Ralph Waldo Emerson rightly said, “What lies before us and what lies behind us are small things as compared to what lies ‘within us’ - and when we showcase it to the world, miracles happen.” This stands true for all those hard-core innovative incumbents or the ambitious intrapreneurs who are born with a gleam to galvanize and conquer.
They’re enterprising and inventive.
They’re not scared of taking risks no matter which stage of their career they’re currently in.
They’re willing to instigate big transformations within an established organization.
They’re just happy doing whatever task comes their way and they’re underpaid employees.
They’re not afraid of hard work and long working hours.
Yes, I am talking about those star employees – the INTRApreneurs. These ‘Type A’ go-getters are a rare asset to an organization who choose to respond innovatively to every challenge that life throws at them. These fervent folks strive to drive change from their current position, where the funding and infrastructures are already in place.
“The Macintosh team was what is commonly known as intrapreneurship… a group of people going, in essence, back to the garage, but in a large company.”
Let’s delve a little deeper into origination and history of the word Intrapreneur:
The concept of ‘intrepreneurship’ is nothing new. It has been there for many decades, but got lost in the corporate setting. Or probably, the individuals (as the internal incubators) were unable to prove their entrepreneurial attitudes and new venture ideas in existing bureaucratic organization’s structure. They were either underpaid or overworked.
Believe it or not, there has always been a rare breed of extraordinary people who self-identify themselves as meticulous employees. In almost all the big corporate organizations I’ve been associated with, I met several exceptionally talented individuals who could have proved their value to the company as a ‘visionary entrepreneur’ and grow from corporate obscurity. But, a lot of them don’t even recognize themselves as a highbrow business influencer and fail to get their talent recognized on the ‘corporate radar.’
Mr. Sundar Pichai is a great example of such workplace collaboration. As a part of a small team, he used to work on Google’s search toolbar and the success of this toolbar gave Google its very own browser. His idea was first met with a lot of cynicism in terms of its cost and capability. But, Pichai convinced the management and played a pivotal role in Google Chrome launch. And Bingo, Google Chrome became the No.1 web browser that surpassed chief competitors – Firefox, Internet Explorer, and Opera.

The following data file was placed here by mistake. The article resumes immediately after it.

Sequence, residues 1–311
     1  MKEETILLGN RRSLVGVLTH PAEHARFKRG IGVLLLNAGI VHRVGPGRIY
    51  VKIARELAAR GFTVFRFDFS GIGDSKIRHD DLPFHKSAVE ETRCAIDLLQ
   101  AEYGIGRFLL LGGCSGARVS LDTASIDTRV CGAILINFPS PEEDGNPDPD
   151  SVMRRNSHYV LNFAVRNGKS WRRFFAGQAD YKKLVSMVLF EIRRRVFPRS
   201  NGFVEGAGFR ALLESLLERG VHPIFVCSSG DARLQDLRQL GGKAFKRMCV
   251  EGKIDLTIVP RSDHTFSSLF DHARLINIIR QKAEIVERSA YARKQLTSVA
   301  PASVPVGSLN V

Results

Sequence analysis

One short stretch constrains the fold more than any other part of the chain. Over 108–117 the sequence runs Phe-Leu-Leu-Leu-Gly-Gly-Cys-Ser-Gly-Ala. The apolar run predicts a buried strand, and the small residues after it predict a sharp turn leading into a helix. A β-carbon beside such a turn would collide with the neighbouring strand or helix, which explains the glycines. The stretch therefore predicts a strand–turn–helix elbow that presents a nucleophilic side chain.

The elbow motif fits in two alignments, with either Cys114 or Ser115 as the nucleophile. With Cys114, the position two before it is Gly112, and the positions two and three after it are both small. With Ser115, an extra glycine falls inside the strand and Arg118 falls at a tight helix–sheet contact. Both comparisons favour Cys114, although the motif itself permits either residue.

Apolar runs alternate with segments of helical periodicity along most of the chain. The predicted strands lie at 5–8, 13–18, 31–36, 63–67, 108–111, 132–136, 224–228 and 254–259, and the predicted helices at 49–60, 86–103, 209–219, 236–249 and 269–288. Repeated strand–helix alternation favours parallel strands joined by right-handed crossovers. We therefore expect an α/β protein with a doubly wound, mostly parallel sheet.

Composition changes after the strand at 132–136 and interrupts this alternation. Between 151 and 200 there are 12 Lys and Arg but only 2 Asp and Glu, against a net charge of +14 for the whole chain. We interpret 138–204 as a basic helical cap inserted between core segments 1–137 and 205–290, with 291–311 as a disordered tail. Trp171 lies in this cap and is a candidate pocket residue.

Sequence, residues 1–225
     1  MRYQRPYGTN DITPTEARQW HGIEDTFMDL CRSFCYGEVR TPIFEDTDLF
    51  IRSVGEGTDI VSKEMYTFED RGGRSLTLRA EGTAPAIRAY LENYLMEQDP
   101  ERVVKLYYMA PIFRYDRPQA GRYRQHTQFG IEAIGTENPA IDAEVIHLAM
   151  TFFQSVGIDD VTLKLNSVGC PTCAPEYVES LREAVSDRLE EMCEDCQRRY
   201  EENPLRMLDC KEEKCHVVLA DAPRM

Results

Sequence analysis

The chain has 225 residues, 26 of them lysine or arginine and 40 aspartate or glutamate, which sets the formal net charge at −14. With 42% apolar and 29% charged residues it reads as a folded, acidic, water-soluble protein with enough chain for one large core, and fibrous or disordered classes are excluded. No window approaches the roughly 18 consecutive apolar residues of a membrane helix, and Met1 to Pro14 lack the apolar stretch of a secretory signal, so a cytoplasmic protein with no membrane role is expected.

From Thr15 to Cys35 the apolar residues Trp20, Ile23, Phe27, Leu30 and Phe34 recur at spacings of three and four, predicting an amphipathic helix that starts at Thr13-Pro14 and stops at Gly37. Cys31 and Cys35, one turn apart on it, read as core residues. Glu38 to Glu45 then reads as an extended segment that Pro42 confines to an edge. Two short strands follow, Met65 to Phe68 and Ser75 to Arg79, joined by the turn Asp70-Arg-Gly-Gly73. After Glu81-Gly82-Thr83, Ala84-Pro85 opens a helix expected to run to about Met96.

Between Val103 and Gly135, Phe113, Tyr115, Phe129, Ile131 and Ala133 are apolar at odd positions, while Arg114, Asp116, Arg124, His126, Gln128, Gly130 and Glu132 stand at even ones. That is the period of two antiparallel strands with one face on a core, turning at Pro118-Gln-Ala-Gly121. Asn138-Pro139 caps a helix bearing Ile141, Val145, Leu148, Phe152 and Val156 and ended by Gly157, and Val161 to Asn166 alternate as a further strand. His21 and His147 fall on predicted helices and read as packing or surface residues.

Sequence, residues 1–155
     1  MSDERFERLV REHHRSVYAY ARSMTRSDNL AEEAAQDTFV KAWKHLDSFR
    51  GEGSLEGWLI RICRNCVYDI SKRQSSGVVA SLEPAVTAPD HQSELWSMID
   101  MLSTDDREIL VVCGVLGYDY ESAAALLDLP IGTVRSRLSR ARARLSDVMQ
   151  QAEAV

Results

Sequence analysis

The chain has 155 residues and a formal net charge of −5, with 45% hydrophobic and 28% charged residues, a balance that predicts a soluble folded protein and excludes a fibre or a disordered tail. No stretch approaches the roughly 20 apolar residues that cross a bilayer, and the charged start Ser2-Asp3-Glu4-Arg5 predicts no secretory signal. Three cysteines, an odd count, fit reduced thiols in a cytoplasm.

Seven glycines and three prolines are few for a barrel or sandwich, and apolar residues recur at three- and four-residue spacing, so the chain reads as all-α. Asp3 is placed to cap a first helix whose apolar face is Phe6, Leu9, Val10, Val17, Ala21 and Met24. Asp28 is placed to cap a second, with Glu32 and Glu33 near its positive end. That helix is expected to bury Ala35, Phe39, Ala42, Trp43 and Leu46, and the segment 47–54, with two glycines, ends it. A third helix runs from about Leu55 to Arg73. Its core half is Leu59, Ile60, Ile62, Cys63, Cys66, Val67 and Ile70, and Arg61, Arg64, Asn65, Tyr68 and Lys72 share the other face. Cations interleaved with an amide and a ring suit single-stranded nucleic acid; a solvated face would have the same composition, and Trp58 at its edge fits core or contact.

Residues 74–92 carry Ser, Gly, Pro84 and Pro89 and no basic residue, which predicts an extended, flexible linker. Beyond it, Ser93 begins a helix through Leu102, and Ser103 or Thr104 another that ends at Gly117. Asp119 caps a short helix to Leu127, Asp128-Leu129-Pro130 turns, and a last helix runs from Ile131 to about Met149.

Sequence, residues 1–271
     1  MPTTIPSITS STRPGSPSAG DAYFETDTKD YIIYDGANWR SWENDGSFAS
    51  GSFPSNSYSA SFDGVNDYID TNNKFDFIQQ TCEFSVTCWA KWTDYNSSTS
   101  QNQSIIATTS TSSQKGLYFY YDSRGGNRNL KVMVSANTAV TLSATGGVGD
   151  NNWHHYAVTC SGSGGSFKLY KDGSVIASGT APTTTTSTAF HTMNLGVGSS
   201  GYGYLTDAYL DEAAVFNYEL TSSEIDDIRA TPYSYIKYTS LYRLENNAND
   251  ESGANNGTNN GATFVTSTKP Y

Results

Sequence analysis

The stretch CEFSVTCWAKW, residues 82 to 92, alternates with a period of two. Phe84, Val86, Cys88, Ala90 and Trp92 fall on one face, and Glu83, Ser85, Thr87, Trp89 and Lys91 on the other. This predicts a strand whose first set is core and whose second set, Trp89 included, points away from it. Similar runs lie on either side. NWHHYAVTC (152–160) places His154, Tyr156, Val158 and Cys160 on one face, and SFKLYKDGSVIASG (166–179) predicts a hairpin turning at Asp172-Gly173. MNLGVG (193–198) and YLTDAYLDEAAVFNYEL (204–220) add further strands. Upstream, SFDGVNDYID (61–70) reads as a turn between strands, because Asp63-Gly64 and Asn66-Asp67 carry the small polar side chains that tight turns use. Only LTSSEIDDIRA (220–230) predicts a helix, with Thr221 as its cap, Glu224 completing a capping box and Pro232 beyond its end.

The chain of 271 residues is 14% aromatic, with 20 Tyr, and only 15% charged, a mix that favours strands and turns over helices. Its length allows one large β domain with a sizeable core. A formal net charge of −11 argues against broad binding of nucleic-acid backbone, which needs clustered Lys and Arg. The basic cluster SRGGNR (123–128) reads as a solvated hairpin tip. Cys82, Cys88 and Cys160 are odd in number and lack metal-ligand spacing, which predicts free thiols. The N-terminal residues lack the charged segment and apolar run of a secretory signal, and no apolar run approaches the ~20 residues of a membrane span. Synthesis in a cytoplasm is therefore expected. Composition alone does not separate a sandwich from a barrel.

Several big companies today are actively promoting intrapreneurship where they allow their employees to spend at least 10 to 20 percent of their time on innovative ideas that are outside their usual KRAs. Many of them are encouraging the employees who have an intrepreneurial mindset to take ownership of their own corner within the existing company's structure and drive impact.
To cultivate the spirit of intrapreneurship at the workplace, some organizations are trying out these strategies as a bottom-line necessity and lure out the shared-value minded intrepreneurs:
- Fostering a collaborative environment at the workplace where people are encouraged to do the more creative thinking and come up with new ideas.
- Integrating corporate leadership and individual teams within an intrapreneurial framework.
- Hiring processes are undergoing a drastic transformation with primary focus building an employee base that is innovative and agile.
- Giving better exposure to employees in the form of resources, trends, insights, and best practices that can accelerate their work efficiency.
- Actively identifying hidden innovators by conducting 'innovation activities' and 'brainstorming sessions' more widely.
Remember: the future belongs to those companies who are agile and ready to embrace the rising spirit of intrapreneurship – inside and outside.